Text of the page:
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Van Balkom family makes careers playing carillon Den Bosch

Street musician strikes keys up high

Tags: Excerpts from the Windmill

DEN BOSCH, the Netherlands - People in the Brabant capital have been treated to ‘street’ concerts by members of the Van Balkom family since 1915 when grandfather Toon first climbed the stairs in the tower of the St. Jans Cathedral as the city’s carillonneur. After forty years, son Sjef assumed the prestigeous post. Since 1988 grandson Joost mans the console which was installed seventy-five years ago.

Carillon music in Europe belongs to city squares and public markets, and generally adds a festive note to commerce conducted below. Market days and common festivities in the square provide the carillonneur captive audiences who usually do not miss a beat socializing in the streets, checking over merchandise at the market or relax with refreshments on a terras.

The Van Balkom involvement at St. Jans may span three generations and 85 years, the carillon culture has been around much longer. Carillon music was at the height of its popularity during the Golden Age. At Den Bosch it already had hit a low note when Toon van Balkom entered the scene and wanted to improve the carillon installation. By 1925, the carillon’s keyboard or clavier was replaced marking at the same time a shift in the style of music played. Van Balkom preferred the melodious Flemish style while the Dutch tended to support a more formal choral.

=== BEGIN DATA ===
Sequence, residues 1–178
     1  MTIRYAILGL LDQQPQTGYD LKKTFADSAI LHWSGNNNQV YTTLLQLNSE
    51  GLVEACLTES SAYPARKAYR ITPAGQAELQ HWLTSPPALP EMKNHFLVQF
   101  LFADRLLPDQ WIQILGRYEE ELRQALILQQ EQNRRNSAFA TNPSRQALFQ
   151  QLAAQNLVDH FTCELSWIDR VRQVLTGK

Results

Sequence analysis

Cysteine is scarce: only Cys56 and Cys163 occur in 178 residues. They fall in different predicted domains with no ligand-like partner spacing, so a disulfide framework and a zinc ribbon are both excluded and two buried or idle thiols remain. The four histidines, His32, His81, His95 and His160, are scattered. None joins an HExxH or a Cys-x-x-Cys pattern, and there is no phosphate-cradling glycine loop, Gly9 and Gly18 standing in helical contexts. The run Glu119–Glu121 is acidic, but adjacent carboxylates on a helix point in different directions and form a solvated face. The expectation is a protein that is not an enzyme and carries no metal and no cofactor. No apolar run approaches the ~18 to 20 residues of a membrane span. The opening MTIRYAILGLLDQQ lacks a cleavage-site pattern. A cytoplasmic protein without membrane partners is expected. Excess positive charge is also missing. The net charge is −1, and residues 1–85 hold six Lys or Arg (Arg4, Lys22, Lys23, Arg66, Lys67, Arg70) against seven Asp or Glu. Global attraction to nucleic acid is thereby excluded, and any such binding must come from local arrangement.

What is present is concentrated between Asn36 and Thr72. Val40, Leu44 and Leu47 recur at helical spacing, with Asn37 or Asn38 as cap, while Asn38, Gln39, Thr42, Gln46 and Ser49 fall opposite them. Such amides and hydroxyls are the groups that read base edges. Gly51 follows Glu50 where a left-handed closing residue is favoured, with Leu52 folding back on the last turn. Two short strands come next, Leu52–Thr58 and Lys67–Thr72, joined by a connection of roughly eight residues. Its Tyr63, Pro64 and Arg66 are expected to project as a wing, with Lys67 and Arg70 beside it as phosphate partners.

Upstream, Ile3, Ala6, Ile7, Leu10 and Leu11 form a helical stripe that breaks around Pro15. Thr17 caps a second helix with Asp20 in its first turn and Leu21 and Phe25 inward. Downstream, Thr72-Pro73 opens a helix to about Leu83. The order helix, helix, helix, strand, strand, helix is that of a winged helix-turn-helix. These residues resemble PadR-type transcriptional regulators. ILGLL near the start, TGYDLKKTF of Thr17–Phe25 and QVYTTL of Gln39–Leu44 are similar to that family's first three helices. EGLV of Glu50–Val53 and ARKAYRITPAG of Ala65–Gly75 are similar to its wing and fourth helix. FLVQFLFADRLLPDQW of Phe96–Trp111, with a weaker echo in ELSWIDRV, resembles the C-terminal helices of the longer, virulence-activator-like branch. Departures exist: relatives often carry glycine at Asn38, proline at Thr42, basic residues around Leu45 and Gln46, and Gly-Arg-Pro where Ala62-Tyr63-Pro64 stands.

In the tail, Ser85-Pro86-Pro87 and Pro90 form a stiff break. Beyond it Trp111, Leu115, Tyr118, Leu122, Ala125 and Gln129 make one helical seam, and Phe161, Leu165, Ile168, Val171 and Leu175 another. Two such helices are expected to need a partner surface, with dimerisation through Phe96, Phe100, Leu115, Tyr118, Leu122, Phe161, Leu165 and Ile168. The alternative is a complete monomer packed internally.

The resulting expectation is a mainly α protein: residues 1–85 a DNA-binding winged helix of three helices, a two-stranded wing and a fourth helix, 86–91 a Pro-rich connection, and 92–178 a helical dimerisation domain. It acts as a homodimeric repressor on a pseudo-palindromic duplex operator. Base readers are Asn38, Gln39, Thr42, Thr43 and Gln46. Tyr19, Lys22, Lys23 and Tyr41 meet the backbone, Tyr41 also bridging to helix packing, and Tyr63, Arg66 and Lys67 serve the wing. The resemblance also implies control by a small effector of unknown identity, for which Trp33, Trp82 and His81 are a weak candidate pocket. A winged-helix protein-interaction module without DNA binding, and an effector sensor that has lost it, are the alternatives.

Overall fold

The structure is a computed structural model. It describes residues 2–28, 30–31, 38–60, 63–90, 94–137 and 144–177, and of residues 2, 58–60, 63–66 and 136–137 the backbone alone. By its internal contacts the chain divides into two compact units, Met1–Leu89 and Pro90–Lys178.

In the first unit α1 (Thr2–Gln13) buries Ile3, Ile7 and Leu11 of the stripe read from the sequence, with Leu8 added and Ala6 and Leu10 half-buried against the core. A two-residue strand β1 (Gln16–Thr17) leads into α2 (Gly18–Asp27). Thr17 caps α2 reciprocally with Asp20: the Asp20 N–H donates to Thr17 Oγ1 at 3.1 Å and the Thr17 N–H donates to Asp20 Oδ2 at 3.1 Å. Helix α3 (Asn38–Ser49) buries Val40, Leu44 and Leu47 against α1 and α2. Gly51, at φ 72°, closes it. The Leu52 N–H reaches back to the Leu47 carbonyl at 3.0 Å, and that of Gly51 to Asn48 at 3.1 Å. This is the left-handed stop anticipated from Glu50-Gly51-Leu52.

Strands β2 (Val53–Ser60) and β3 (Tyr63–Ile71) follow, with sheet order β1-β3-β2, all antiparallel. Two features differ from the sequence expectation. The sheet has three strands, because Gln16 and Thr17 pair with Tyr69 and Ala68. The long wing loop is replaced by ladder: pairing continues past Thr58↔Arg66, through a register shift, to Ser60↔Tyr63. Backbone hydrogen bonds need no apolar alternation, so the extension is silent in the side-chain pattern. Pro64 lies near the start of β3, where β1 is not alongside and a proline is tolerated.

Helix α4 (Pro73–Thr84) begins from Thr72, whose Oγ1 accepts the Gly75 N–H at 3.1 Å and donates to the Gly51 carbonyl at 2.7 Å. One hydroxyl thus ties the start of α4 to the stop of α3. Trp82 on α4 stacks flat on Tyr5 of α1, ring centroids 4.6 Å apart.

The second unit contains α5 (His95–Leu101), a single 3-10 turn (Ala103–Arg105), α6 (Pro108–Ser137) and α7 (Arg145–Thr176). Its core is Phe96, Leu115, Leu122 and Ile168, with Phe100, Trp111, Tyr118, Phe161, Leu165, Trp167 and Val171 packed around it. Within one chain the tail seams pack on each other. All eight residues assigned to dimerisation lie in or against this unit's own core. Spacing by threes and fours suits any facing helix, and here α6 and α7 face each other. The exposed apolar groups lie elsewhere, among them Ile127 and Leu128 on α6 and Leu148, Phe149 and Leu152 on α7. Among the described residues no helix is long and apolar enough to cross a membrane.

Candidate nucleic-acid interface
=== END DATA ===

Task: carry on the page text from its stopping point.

New clavier

The 1925 installation was preceded by a public fundraising. The retired console still rests at one of the tower’s platforms. In recent years, the tower’s clock has been computerized and the tunes played every fifteen minutes also are electronically controlled. Among all this modern gadgetry, a five-tonnes bell is the only part of the carillon that predates the disastrous fire of 1548.

To make melodies with a carillon takes considerable effort; at the keyboard, the carillonneur really pummels the wooden hand levers wired to the clappers. No wonder his fists eventually develop calluses on the sides.

This year, the local Foundation for the Carillon pushed its springtime Carillonweek to late summer to coincide with the 75th anniversary date of the ‘new’ clavier. The other highlight is an exhibit at city hall dedicated to the 85th Van Balkom anniversary at the carillon. Finally, carillonneurs - the youngest aged 14 - recently converged on Den Bosch to take part in a series of concerts.

Centuries of carillon music has accompanied Den Bosch’ citizenry in its activities. Carillonneurs anywhere could be called top street musicians, a label the third generation Van Balkom gladly accepts.